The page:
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Guardians on Suicide Cliff

  After serving as a police officer for more than 40 years, Shiga Yukio began planning for his retirement. In September 2003, he had six months to retire from a police station in Fukui Prefecture (on the west coast of Japan) where he was serving. One fine evening, Yukio Shiga, who was patrolling near a local coastal forest, met a man and a woman, and it was this encounter that changed Yukio Shiga’s life.
  The man and woman sat on a bench, cuddling their bodies together. Shiga Yukio noticed that the two of them were behaving very abnormally, because the two men’s wrists were tightly bound by several blood-red handkerchiefs connected a “Hello,” Shiga Yukio approached the two of them and asked, ” What are you doing here?”
  ”We waited for sunset to jump off the cliff,” the couple said bluntly. It turned out that they were a husband and wife. Due to the failure of the business in Tokyo, they owed a large amount of debt and could not pay off. They planned to jump into the sea from a high cliff near a seaside to end their lives. Because of the steep terrain, this seaside cliff known as Tojinbo is often seen jumping off the cliff by short-sighted people from all over Japan.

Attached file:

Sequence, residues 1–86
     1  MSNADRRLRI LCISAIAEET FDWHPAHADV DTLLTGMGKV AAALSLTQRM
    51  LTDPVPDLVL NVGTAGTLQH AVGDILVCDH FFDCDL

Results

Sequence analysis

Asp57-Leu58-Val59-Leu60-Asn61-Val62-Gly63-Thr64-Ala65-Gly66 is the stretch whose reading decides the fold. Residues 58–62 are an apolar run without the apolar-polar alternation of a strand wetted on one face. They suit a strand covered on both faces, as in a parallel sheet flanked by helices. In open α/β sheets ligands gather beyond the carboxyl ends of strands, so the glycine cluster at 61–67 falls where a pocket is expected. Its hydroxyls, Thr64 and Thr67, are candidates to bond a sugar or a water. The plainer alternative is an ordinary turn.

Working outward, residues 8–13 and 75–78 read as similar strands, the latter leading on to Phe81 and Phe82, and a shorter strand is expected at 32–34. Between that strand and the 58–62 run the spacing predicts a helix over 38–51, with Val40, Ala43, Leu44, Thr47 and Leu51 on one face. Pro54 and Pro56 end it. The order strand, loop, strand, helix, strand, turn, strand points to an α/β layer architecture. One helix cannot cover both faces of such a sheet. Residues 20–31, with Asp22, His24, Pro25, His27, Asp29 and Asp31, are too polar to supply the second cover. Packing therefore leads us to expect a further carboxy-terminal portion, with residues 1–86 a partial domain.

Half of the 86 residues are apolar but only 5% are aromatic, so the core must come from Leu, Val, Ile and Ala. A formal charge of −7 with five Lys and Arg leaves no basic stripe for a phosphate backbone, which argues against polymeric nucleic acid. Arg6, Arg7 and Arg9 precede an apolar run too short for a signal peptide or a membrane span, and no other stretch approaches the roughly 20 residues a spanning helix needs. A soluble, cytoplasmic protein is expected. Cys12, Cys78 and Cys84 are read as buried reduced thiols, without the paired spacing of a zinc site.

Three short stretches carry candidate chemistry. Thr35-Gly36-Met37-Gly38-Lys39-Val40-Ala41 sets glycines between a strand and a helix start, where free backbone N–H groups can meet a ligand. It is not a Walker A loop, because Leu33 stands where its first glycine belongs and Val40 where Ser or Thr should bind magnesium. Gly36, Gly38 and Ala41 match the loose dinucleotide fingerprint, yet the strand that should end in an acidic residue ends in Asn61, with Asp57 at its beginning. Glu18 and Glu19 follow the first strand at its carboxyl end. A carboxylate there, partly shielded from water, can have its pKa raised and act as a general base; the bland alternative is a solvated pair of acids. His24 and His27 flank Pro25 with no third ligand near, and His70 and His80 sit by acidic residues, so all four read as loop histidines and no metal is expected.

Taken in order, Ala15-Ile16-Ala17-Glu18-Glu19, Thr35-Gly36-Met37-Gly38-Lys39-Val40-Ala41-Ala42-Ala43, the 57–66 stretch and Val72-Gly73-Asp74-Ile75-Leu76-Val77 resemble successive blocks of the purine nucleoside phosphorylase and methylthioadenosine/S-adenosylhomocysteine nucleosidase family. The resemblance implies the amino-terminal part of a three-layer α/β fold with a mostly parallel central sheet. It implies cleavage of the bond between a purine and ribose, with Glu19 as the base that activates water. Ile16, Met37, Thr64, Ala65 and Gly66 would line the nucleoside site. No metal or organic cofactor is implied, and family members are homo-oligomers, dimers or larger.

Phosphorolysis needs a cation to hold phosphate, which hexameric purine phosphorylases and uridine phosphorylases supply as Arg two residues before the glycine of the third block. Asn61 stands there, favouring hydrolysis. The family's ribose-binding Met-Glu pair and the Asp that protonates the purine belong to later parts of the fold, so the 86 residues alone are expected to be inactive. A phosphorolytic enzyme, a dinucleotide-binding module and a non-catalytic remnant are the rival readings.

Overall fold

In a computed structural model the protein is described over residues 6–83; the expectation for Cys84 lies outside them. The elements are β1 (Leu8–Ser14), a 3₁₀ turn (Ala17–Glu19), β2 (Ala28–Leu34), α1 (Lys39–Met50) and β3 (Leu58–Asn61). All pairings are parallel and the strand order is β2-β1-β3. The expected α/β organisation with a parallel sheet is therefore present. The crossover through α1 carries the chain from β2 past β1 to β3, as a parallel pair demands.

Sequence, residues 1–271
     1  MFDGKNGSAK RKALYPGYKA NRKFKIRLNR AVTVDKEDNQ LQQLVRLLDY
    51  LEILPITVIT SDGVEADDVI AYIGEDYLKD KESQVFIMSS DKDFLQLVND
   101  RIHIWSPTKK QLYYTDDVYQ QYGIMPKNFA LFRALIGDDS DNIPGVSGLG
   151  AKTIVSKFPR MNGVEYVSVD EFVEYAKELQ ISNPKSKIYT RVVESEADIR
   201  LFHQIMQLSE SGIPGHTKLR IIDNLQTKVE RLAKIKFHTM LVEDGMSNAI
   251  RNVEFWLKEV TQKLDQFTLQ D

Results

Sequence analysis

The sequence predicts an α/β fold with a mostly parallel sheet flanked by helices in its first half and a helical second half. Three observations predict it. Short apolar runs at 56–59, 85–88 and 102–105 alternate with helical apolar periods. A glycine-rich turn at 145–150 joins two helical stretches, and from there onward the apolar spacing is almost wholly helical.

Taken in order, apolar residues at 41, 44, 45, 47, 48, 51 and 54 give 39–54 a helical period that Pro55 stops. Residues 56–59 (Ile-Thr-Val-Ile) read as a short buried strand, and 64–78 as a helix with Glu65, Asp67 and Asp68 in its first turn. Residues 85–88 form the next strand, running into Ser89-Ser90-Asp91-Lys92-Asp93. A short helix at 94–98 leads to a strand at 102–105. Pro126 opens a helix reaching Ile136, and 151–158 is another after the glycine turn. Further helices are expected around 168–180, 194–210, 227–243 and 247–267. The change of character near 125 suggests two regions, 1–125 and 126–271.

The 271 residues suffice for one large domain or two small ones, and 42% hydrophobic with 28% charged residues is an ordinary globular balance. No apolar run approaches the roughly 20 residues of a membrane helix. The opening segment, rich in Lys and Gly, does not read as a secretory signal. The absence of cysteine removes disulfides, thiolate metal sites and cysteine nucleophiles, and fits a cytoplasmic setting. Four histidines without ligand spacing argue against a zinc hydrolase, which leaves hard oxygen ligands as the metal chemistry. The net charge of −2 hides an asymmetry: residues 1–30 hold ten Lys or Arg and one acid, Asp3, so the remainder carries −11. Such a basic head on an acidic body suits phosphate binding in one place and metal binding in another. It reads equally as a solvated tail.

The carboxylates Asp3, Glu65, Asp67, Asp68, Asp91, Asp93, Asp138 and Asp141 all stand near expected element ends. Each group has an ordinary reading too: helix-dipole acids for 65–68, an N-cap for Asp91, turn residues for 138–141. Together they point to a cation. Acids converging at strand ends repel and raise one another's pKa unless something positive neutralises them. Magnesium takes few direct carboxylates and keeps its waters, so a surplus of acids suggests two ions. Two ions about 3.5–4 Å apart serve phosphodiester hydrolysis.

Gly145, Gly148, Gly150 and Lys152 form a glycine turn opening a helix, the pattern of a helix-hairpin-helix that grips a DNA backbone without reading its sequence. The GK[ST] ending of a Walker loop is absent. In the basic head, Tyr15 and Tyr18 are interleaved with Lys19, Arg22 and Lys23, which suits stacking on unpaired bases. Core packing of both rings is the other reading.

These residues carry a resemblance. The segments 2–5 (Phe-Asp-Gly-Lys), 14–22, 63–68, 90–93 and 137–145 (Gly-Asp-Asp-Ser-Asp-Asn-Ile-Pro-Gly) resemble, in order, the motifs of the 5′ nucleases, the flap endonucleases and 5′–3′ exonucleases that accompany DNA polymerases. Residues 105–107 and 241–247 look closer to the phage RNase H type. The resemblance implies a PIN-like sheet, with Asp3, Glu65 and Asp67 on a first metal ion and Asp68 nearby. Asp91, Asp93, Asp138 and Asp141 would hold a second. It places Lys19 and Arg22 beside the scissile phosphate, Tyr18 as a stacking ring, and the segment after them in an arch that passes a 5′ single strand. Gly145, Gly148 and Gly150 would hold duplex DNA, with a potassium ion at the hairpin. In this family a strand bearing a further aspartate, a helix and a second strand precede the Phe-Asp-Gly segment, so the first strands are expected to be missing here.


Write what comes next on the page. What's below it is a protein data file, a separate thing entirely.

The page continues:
Witnessing this scene, Shiga Yukio talked with them for nearly an hour, and finally persuaded the two not to commit suicide. “I told them they might get help if they consulted the authorities,” recalls the retired police officer.